Space Research Institute
Russian Academy of Sciences

HEND map of Martian water ice and bound subsurface ice distribution. Image: IKI, 2023
HEND map of Martian water ice and bound subsurface ice distribution. Image: IKI, 2023
Water on Mars

HEND (High-Energy Neutron Detector) is a Russian experiment as part of the GRS instrument aboard NASA 2001 Mars Odyssey orbiter.

Russia's participation in the 2001 Mars Odyssey project is defined in the Executive Agreement between NASA and the Federal Space Agency (now State Space Corporation ROSCOSMOS) that was the customer of the HEND instrument developed and manufactured at Space Research Institute of the Russian Academy of Sciences.

Scientific Goals

  • to measure the absolute value of fast neutron fluxes from Mars in different spectral bands;
  • to map water-bearing areas on the surface of Mars and determine the mass fraction of water ice and chemically bound water, as well as to estimate the depth of water-bearing layers;
  • to monitor seasonal variations of the neutron albedo of Mars over the polar regions of the planet and determine the surface density and composition of the seasonal cover of the poles (based on models);
  • to carry out temporal and spectral analysis of solar events during the cruise to Mars and in the orbit, to build a stereoscopic image of individual solar events (using with data from other projects);
  • to register gamma-ray bursts: HEND is a part of the international triangulation network to determine the coordinates of transient sources (InterPlanetary Network, IPN).

Mission Overview

HEND is a Russian neutron detector integrated into the Gamma Ray Spectrometer (GRS) of the NASA's 2001 Mars Odyssey Orbiter.

The HEND neutron detector records the flux of secondary neutrons emitted from the Mars surface — so-called neutron albedo. This value is essential for the main goal of the GRS experiment (of which HEND is a part) that is to study mineralogical composition of the Martian surface.

In the GRS experiment the data on neutron flux from the Mars surface are mostly auxiliary. But to determine how much hydrogen and water there are in the Martian surface and subsurface HEND data only are sufficient.

Martian albedo neutrons are born in the subsurface layer 1–2 meters thick in the interactions with cosmic rays and during the decay of natural radioactive elements. On their way to the surface, these neutrons are slowed down and absorbed by the nuclei of the main rock-forming elements. Thus, the neutron flux coming out of the ground depends on composition of the latter and first of all on the presence of hydrogen or hydrogen-bearing compounds. Knowing hydrogen distribution in the ground, one may judge about the presence of water ice or bound water in minerals there.

Furthermore, it is known that the atmosphere of Mars experiences seasonal fluctuations. In autumn and winter about a quarter of all atmospheric carbon dioxide is condensed on the surface of the polar regions of Mars. A layer of deposited carbon dioxide can be from several tens of centimeters to one meter thick, so that carbon dioxide ice can completely cover water ice that makes up the polar caps of the planet. So, one can use neutron spectroscopy to observe seasonal cycles on Mars and to determine thickness of the seasonal cover of deposited carbon dioxide.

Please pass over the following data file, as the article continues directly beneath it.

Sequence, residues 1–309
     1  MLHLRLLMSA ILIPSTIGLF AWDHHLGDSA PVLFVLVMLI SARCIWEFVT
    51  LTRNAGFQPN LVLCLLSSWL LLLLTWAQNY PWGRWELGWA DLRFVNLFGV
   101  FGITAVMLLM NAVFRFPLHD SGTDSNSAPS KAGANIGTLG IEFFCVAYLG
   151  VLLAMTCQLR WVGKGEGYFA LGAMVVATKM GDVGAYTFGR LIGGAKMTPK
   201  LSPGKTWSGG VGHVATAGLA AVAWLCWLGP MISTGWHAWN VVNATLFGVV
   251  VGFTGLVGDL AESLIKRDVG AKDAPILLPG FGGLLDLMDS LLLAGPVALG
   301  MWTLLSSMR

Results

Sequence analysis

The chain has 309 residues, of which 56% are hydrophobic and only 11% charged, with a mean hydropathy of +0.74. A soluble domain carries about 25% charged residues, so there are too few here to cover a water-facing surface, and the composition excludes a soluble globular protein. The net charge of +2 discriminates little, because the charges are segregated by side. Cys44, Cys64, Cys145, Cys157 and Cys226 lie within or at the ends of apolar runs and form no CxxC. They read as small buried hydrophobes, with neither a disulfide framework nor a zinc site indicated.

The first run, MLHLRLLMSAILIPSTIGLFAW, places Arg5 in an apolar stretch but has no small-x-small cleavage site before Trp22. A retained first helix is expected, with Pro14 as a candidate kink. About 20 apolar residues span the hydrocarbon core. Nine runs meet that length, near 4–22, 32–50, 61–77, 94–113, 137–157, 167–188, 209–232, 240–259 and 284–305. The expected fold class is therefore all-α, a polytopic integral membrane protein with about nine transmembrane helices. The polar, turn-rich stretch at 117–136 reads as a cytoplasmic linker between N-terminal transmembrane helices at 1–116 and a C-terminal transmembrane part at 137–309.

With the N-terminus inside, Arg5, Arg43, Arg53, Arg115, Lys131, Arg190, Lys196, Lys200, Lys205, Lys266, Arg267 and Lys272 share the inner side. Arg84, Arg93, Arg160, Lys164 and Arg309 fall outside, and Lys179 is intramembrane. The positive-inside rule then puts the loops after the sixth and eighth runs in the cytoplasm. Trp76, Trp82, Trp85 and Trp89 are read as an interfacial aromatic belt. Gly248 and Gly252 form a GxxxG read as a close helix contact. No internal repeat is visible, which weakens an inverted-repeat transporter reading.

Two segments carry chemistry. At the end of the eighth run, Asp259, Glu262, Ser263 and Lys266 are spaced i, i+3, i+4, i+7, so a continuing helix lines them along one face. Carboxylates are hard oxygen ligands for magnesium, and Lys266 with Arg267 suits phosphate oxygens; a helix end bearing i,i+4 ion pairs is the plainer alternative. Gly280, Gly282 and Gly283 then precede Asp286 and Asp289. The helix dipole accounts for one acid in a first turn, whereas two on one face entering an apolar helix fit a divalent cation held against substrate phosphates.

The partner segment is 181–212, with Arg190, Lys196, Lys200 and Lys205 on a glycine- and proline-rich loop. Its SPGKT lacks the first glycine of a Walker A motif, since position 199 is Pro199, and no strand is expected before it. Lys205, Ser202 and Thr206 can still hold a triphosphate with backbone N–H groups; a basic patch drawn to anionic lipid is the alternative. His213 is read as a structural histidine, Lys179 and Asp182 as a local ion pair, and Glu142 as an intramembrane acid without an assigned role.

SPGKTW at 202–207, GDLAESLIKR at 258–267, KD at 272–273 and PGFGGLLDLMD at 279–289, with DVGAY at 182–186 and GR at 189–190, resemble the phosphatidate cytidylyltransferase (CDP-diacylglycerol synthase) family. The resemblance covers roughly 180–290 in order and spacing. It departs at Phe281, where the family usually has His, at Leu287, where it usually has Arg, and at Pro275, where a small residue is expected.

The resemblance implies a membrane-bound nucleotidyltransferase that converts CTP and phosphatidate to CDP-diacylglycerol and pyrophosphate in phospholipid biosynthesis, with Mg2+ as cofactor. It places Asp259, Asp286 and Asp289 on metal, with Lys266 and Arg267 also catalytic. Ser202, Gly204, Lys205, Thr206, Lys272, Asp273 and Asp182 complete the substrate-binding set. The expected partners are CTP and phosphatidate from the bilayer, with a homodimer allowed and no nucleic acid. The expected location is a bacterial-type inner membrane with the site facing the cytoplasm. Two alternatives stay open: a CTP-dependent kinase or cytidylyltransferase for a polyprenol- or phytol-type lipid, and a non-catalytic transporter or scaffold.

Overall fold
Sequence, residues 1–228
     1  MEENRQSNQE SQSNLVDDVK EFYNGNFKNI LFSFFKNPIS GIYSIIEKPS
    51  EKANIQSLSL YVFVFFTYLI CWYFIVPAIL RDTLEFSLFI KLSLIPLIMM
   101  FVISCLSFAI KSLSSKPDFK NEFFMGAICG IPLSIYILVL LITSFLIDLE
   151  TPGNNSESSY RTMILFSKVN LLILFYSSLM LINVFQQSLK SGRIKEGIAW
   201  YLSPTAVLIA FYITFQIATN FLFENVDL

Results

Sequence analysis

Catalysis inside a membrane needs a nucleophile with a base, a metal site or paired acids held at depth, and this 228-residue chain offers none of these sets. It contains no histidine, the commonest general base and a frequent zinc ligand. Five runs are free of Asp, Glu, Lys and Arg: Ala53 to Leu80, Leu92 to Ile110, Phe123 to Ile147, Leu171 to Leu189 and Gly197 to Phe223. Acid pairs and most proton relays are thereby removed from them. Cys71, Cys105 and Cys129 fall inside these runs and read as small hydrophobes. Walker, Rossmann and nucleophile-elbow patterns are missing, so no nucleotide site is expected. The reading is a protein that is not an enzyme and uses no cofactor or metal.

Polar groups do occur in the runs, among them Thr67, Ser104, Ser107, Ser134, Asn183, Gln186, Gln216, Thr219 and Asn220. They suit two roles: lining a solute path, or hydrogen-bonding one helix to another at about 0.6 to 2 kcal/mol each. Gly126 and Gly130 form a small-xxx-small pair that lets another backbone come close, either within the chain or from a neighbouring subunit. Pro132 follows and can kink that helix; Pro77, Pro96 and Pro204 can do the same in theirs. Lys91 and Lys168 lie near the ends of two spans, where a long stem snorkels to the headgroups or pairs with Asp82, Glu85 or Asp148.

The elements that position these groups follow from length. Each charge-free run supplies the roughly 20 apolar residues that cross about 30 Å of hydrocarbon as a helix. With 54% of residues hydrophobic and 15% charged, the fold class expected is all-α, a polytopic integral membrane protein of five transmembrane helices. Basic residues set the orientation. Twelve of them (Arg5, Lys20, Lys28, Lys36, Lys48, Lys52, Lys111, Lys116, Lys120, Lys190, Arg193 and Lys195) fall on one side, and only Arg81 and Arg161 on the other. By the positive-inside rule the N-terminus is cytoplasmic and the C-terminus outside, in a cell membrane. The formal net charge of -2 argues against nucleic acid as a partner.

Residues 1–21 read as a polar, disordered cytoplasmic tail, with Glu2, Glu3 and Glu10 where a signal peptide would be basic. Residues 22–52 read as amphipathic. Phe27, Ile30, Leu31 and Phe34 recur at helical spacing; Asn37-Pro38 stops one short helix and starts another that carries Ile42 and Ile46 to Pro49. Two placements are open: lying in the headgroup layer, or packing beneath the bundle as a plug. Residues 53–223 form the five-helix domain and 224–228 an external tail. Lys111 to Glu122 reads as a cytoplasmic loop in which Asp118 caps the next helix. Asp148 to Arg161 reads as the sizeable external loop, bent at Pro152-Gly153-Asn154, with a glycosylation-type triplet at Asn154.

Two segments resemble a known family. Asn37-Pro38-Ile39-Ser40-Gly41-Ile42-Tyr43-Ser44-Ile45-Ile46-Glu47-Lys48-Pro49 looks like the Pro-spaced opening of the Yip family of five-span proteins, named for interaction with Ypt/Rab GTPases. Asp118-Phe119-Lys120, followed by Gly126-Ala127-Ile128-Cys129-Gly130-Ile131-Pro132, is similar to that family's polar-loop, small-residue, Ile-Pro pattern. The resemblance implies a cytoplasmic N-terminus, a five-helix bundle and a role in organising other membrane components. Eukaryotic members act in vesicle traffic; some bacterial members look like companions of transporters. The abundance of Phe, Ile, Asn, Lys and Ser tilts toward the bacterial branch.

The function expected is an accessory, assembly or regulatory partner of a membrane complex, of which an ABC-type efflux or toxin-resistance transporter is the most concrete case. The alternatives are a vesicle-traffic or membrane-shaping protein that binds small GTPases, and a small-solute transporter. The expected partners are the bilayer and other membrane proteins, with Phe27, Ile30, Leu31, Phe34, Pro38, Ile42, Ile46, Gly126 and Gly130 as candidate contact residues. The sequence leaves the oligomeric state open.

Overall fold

As the results of many-year-work on the basis of HEND data maps were derived, which show distribution of water ice in the Martian subsurface and variations in the content of deposited carbon dioxide in the polar regions of the planet. The results of the HEND experiment were used to select a landing site for the Curiosity rover with a DAN neutron detector onboard. Gale Crater, where the rover was descended, is near Arabia Terra. According to HEND, hydrogen content of the ground here exceeds 7% by mass. However, according to the results of neutron sounding, which has been carried out by DAN since 2012, Gale crater appeared to be a very dry place: the percentage of water ice by mass in most points along the rover's route does not exceed 1–2%. This apparent contradiction in observations are now being studied by the FREND instrument of the ExoMars-2016 mission, which, like HEND, operates in orbit, but has a much better spatial resolution up to 40 km (versus 100 km for HEND).

The instrument includes four independent detectors:

  • three epithermal neutron detectors: SD, MD, LD — proportional gas counters based on 3He;
  • high energy neutron detector (SC) made of C14H12 stilbene, surrounded by an active anti-collision shield made of CsI:Tl3+ crystal.
Main parameters
  • Detected neutrons energies: 0.4 eV–14 MeV
  • Temporal resolution: variable, >1 s
  • Spatial resolution (on the surface): ~100 km on 50 km high orbit
  • Vertical resolution (maximal penetration depth): ~1–2 m

Leading Organizations and Principal Investigators

  • State Space Corporation ROSCOSMOS
  • Space Research Institute of the Russian Academy of Sciences (IKI)
  • Principal Investigator of the HEND experiment: Dr. Igor G. Mitrofanov (IKI)

In Collaboration With

  • Joint Institute for Nuclear Research (JINR, Dubna, Moscow region)
  • Mechanical Engineering Research Institute, RAS (IMASH RAN)
  • All-Russian Scientific-research Institute of Mineral Resources named after N.M. Fedorovsky (VIMS)
  • Specialized Scientific Research Institute for Instrumentation Engineering (SNIIP)
  • University of Arizona (UofA, USA)


2001 Mars Odyssey

Status: in operation

Launch: 07.04.2001, 15:02:22 UTC, Cape Canaveral Spaceport, Delta II

Leading space agency: NASA

SCN: 26734

NSSDC ID: 2001-013A

Main website: 2001 Mars Odyssey


Status: in operation

Leading space agency: ROSCOSMOS

Main website: Russian neutron detector HEND for the NASA space mission 2001 Mars Odyssey